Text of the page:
Last year, The Washington Post reported on emails between Manafort and Konstantin Kilimnik, a former Russian intelligence officer, that raised questions about whether Manafort may have pushed a pro-Russia campaign platform to pay off his debt to Deripaska.
According to The Post, beginning in April 2016, Manafort offered to give Deripaska “private briefings” about the Trump campaign and asked Kilimnik how he could use his elevated role in the campaign to “get whole” with Deripaska.
At the end of July, Kilimnik wrote in an email to Manafort that he had “met today with the guy who gave you your biggest black caviar jar several years ago,” a reference to Deripaska’s previous loans to Manafort.
“We spent about 5 hours talking about his story, and I have several important messages from him to you,” he wrote.
Three days later, Manafort and Kilimnik met in New Jersey. Manafort has said he and Kilimnik discussed the Trump campaign and the hack of the Democratic National Committee, while Kilimnik says they did not discuss the campaign but talked about “current news” and “unpaid bills.”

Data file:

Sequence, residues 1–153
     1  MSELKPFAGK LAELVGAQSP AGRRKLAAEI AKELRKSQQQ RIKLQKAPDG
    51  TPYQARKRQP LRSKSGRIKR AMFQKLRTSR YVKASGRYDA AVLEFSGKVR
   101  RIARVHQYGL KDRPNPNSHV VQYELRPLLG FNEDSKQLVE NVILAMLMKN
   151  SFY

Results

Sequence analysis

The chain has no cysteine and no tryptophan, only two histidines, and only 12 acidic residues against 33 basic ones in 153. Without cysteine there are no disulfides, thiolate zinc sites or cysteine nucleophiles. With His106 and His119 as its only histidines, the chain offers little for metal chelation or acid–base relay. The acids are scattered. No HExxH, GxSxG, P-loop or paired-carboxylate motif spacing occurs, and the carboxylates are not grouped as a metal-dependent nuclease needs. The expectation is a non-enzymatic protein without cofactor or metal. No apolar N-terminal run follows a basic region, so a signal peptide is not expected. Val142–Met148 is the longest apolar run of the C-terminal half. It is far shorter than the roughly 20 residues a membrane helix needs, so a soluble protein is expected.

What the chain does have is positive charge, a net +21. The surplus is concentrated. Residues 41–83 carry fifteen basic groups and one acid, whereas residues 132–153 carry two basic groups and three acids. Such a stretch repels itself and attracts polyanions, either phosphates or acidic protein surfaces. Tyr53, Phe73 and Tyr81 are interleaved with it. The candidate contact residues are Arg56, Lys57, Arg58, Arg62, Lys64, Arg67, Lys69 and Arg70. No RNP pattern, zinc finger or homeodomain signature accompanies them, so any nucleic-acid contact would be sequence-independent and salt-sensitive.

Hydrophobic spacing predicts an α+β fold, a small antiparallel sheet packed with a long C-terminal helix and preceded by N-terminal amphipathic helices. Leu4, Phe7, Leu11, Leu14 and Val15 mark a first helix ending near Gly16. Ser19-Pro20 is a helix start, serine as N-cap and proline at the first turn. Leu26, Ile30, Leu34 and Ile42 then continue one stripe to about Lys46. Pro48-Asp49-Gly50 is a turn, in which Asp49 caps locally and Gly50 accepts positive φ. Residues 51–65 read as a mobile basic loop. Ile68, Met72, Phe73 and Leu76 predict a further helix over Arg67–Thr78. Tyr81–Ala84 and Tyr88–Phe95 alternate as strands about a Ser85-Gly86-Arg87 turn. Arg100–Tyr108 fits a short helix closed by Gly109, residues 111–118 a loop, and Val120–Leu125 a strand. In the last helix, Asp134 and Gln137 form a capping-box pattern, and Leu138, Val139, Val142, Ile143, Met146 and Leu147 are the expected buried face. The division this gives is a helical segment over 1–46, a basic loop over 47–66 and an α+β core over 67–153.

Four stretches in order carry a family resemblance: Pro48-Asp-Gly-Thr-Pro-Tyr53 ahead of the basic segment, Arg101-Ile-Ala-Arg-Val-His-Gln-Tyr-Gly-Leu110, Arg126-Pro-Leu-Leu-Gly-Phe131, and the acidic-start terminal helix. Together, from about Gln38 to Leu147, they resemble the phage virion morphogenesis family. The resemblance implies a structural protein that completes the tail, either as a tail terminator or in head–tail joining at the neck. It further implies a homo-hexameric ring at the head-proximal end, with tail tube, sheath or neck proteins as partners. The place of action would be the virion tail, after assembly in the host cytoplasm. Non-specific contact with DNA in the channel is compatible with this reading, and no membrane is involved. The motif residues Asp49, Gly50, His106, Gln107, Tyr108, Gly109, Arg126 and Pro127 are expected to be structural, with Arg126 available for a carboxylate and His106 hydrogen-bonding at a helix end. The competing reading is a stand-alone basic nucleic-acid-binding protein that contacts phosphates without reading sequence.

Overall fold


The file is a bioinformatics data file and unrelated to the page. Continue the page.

Last week, Vice News reported that a private jet linked to Deripaska arrived in New Jersey shortly after the meeting between Manafort and Kilimnik.
The energy tycoon whose associates donated over $US1 million to Trump’s inauguration
Vekselberg, the Russian energy mogul who was among the seven oligarchs targeted in the latest sanctions, has not attracted the same level of media scrutiny as Deripaska, but he is no less influential.
Vekselberg is the founder of the Renova Group, a Russian conglomerate with a range of interests in Russia’s energy sector. He frequently meets with Putin to discuss business.
This week, there was significant speculation that Vekselberg may have been among at least three Russian oligarchs questioned in connection with the special counsel Robert Mueller’s investigation into Russia’s interference in the 2016 US election.
Mueller’s focus on Russian oligarchs comes as investigators are looking into whether wealthy Russians illegally funneled money, either directly or indirectly, into Trump’s campaign or inauguration. Prosecutors are also said to be interested in whether wealthy Russians used American donors or US companies with political action committees to infuse money into the election.